The process closes a technology gap for laser use with plate thicknesses of up to 10 mm and offers a high-performance alternative to the electric arc process, which has so far been commonly used.
Laser multi-wire technology (LMWT) is based on a proven laser processing head from B.I.G. company Scansonic, proven in industrial use and refined by SKLT engineers for this application. The principle is as follows: At the process point, several filler wires converge and are simultaneously melted by an oscillating laser beam. This allows seams of up to 10 mm in width to be created in a single operation, depending on the number of filler wires used and the process parameters.
A smart control concept ensures wire drive synchronization and optimum energy distribution at the seam. An auto-focus keeps the spot size constant, even when component position shifts. The new process thus functions smoothly, even under erratic joining conditions.
LMWT expands the list of possible applications for the laser, which is already a highly flexible tool. Among laser joining’s advantages are high process speeds and low thermal distortion. But so far, this has required relatively gap-free positioning of the two pieces to be joined. Low gap widths (up to about 1 mm) could be compensated for with a single filler wire. Larger gap widths or thicker plates ruled out the use of a laser, however. The alternative, the electric arc process, is much slower and the thermal distortion greater. LMWT thus has clear advantages over conventional solutions.
New fields of application for automated laser joining
What makes LMWT especially interesting is its usefulness in creating fillet welds at T-joints or lap joints with steel or aluminum materials that require large adhesion widths or seam volumes. “We see a wide range of LMWT applications for users who previously could not enjoy the advantages of the laser,” says Carsten Rösler, SKLT’s managing director. “Those users certainly include companies that manufacture ships, construction machines, and railway vehicles, companies from steel building and offshore technology, and manufacturers of machine frames and containers.” The clear quality advantages of joining aluminum make LMWT an attractive option for battery compartments in electrical vehicles as well. Process developers and research facilities benefit from the tool’s flexibility.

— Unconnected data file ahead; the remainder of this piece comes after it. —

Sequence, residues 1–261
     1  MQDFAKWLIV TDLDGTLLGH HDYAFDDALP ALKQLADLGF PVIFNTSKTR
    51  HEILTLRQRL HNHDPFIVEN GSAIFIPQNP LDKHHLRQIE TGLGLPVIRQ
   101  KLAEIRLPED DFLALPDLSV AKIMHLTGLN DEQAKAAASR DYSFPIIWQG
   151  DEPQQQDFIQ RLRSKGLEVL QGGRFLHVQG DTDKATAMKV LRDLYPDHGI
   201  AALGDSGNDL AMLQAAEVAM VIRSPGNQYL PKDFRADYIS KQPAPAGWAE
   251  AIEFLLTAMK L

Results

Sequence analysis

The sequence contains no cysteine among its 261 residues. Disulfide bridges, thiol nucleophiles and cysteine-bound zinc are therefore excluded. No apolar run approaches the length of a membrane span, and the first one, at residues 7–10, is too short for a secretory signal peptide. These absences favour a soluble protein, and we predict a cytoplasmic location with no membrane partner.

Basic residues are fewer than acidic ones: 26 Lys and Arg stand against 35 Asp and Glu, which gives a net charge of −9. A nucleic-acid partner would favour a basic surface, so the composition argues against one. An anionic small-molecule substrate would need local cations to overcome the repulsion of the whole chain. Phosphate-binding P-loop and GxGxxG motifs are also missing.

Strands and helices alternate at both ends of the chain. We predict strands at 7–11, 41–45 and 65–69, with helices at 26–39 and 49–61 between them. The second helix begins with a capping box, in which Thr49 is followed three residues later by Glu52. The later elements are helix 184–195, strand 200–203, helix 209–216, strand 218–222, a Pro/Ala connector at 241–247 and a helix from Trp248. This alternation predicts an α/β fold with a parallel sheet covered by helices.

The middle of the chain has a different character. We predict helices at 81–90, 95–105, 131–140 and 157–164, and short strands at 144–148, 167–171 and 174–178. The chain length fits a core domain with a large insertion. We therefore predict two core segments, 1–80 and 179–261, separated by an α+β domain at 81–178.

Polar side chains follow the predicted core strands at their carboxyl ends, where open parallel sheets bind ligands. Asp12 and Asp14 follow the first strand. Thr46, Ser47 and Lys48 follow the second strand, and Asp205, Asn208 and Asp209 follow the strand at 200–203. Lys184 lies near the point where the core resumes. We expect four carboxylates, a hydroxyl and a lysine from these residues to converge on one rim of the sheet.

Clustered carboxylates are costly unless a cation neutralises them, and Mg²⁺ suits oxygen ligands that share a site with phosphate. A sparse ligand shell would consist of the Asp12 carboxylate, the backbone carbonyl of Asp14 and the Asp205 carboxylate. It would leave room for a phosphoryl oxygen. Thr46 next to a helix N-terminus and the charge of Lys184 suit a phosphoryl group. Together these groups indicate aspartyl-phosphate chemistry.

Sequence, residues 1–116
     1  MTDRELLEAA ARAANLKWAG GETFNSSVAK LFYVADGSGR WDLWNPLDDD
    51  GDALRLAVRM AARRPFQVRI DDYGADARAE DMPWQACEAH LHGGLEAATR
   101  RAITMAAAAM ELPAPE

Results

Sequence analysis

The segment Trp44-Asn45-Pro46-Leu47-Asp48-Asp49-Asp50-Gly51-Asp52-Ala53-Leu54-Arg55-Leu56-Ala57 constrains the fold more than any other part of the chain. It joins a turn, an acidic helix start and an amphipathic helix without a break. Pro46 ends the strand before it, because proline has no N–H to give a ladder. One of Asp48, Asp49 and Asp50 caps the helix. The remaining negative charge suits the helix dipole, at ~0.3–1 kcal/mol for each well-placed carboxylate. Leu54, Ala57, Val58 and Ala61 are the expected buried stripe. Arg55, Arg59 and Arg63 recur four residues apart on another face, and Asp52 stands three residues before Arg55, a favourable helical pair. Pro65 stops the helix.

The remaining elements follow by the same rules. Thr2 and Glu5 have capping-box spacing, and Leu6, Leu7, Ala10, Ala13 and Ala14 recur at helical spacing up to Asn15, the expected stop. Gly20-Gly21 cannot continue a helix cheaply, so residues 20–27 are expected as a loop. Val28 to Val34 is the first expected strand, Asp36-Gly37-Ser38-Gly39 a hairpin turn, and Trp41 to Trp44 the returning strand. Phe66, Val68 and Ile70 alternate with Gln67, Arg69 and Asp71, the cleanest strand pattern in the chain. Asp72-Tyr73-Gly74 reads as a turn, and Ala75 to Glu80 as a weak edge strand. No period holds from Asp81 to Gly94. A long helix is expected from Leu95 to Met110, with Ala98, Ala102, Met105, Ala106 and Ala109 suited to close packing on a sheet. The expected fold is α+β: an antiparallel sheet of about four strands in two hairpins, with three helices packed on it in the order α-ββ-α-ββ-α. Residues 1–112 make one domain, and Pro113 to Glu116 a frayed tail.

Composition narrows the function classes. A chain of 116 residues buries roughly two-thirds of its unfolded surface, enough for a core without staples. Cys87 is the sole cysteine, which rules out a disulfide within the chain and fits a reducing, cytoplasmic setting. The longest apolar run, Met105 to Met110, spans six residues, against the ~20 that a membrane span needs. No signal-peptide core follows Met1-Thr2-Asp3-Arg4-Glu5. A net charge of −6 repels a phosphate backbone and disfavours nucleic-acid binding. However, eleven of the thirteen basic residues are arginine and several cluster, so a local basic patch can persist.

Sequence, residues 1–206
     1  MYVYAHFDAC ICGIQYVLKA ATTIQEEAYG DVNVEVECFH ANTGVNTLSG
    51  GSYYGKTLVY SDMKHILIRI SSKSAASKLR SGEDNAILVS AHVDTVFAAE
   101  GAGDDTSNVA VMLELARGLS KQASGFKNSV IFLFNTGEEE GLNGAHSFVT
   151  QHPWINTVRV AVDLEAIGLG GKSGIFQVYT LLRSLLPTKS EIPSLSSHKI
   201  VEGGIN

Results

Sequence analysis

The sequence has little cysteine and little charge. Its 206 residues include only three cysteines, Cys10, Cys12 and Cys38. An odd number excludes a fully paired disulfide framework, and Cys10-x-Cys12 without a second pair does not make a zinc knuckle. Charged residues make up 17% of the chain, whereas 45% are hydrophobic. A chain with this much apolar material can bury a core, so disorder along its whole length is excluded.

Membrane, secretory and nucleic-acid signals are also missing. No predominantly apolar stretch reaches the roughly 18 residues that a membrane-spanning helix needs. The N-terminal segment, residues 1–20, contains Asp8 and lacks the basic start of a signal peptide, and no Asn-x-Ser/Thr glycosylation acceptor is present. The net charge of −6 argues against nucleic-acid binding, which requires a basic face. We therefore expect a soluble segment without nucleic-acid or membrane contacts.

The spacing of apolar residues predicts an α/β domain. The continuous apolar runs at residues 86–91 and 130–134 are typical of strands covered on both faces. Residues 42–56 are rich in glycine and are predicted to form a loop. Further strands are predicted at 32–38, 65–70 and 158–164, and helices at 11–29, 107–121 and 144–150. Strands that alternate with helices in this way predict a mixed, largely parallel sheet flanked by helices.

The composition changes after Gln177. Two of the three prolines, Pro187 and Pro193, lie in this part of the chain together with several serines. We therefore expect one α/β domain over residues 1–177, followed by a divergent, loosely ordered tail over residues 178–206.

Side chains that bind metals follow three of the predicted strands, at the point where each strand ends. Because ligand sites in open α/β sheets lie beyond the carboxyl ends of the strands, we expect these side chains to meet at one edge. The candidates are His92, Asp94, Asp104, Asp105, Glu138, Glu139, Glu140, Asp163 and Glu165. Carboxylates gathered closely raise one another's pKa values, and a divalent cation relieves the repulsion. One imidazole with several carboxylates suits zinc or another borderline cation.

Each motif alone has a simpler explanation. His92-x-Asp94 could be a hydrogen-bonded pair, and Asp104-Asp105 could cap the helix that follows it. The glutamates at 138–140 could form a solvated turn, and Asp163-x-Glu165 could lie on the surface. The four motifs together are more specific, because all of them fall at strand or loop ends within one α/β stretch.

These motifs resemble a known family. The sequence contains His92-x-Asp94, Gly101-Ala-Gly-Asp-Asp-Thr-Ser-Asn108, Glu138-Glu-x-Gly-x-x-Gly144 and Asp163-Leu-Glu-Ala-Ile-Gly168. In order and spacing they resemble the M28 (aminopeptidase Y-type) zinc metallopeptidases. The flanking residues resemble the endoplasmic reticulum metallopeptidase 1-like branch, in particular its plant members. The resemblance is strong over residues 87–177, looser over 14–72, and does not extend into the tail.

An additional, important feature of the new LMWT process is its extreme efficiency in applying individual homogenous layers during surface finishing. All materials available in wire form can be used in such processes.
About Strahlkraft Lasertechnik GmbH (SKLT)
The company offers systems and solutions in the areas of laser technology, especially for laser-wire processes. The focus is on additive manufacture, 3D printing, and surface-coating metallic material, and on innovative laser joining concepts. SKLT GmbH is collaborating with Scansonic MI GmbH, whose systems have proven themselves in more than 20 years of industrial use. An ongoing additive process development project is being supported by the European Regional Development Fund (ERDF).